By Jim Laube, President of RestaurantOwner.com. RestaurantOwner.com works with independent operators who want to turn their good restaurant into a great business. For more information visit www.RestaurantOwner.com.In 1985, I opened my restaurant consulting practice. Having practiced as a CPA, I would offer to prospective clients, as one of my first services, to prepare their monthly financial statements. Within the first year I found myself involved in the ongoing accounting and financial statement preparation for 10 independent restaurants.
While many of the restaurant’s P&L (profit-and-loss statement) formats were similar, all had unique characteristics. I began noticing it was common to get telephone calls from a bookkeeper or general manager with questions like, “Our ice machine went down last week and we had to buy ice. Where do we cost code ice?” or “We had a private party and bought decorations and ornaments. Where should we charge these costs?” Particularly when I was pressed for time, my standard reply was “sounds like a Miscellaneous Expense to me.” While being a fairly expedient way of handling a phone call, I discovered that one of the biggest expense categories for some restaurants became “Miscellaneous.”Most of these restaurants’ expense categories did not reflect the types of costs found in a foodservice environment. As a result many of their operating expenses were getting lost in “Miscellaneous.”
Obviously it’s difficult to control a specific cost if you don’t even know what it is.
|The Uniform System of Accounts for Restaurants|
has been the industry standard for more than 50 years.
The recent 2012 edition was edited by Jim Laube.
Among the advantages:
- It gives restaurant operators a common language based on a well-thought-out and “industry specific” means of understanding and analyzing their operating results and financial position.
- Allows for the easy comparison of one restaurant’s operating numbers to other restaurants.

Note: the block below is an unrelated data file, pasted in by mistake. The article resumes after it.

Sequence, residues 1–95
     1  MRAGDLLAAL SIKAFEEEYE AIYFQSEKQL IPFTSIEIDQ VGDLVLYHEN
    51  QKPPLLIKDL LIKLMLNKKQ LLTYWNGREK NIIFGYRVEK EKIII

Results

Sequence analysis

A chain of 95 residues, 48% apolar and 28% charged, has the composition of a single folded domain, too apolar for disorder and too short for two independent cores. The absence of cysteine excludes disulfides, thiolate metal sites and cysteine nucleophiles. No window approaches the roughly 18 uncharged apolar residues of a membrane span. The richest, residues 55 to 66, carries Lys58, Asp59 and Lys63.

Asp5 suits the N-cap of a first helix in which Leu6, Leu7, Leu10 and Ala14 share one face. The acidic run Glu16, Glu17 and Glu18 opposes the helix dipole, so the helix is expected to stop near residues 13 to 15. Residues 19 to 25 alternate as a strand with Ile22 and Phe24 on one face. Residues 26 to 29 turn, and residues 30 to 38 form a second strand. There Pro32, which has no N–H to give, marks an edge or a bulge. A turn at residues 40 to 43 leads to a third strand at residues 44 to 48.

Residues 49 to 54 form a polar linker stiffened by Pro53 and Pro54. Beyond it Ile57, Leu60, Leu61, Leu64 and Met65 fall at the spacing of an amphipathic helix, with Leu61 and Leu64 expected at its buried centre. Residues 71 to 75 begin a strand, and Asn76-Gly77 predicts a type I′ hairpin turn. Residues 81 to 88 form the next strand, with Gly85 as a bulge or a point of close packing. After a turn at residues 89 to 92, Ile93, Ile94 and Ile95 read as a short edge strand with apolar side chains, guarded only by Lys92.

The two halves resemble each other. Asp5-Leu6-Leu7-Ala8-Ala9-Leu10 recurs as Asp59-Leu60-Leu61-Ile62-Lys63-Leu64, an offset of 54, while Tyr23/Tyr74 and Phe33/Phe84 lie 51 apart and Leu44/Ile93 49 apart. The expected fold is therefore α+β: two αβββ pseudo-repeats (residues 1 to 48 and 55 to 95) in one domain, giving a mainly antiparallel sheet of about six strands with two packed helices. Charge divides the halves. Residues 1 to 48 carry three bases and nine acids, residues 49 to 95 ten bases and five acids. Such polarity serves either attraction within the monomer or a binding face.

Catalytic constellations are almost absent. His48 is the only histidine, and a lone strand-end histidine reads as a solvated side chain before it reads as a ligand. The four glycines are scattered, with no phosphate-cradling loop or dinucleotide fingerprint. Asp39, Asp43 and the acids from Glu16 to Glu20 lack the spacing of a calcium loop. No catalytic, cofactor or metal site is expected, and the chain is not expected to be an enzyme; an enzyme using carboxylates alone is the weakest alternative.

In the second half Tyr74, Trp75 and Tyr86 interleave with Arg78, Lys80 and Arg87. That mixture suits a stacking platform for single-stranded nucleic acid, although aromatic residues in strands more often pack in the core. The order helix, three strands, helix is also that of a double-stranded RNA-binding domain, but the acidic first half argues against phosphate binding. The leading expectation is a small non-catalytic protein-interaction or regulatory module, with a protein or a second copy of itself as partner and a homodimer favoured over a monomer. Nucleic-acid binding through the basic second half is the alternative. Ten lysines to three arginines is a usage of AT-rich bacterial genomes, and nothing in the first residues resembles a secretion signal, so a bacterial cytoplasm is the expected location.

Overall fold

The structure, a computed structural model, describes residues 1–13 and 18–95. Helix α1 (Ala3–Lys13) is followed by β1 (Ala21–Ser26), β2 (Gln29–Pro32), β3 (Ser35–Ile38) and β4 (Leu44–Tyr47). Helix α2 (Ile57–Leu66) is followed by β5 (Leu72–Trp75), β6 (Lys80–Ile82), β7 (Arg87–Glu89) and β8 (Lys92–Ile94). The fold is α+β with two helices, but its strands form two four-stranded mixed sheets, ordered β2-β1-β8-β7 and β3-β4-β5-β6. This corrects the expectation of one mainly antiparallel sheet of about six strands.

- Provides detailed instructions for accurately classifying (cost coding) the many expenses associated with operating a restaurant and guidance in accounting for many “unique” restaurant industry transactions.
- Allows for easy comparison with industry averages that are published annually in the NRA’s “Restaurant Industry Operations Report.”
- When used to format your projections in business plans and financing packages, the Uniform Systems makes you and your numbers appear more credible because you’re using the industry “standard,” an accepted way to present this information.
This is very important, so I’ll emphasize this point again: When making presentations to bankers and investment professionals to raise money, “always” format your financial projections using the Uniform System. It tells bankers, lenders and investment professionals you’ve done your homework, you know what’s going on in your industry, and I’ve found it even lends more believability to the numbers.For even more credibility, compare your projections with industry averages in the NRA’s Restaurant Industry Operations Report. I’ve found that this usually impresses bankers and investor types more than anything else in a business plan or financial package.
The Uniform System of Accounts for Restaurants has been in use for more than 50 years and has been updated and revised several times. It is the NRA’s largest-selling publication. The latest edition was published in 2012 and includes a comprehensive expense dictionary to help you in classifying the many types of expenses you run into operating a restaurant. You can order the Uniform System of Accounts for Restaurants on the NRA’s website. Louisiana Restaurant Association members can purchase the book for $79.95 and non-members for $159.95. The book is also available for purchase at restaurantowner.com.Over the years, I have converted many restaurants from their own proprietary chart of accounts to the NRA’s Uniform System. While I must admit that it takes some time and can be a little disruptive, once the dust settled, no operator ever regretted it. The Uniform System proved to have many advantages over their previous one and, most importantly, it gives them a better understanding of what their numbers tell them and how their restaurants perform.
Jim Laube works with independent restaurant operators who want practical advice to improve their business management practices to build a more profitable restaurant and valuable business.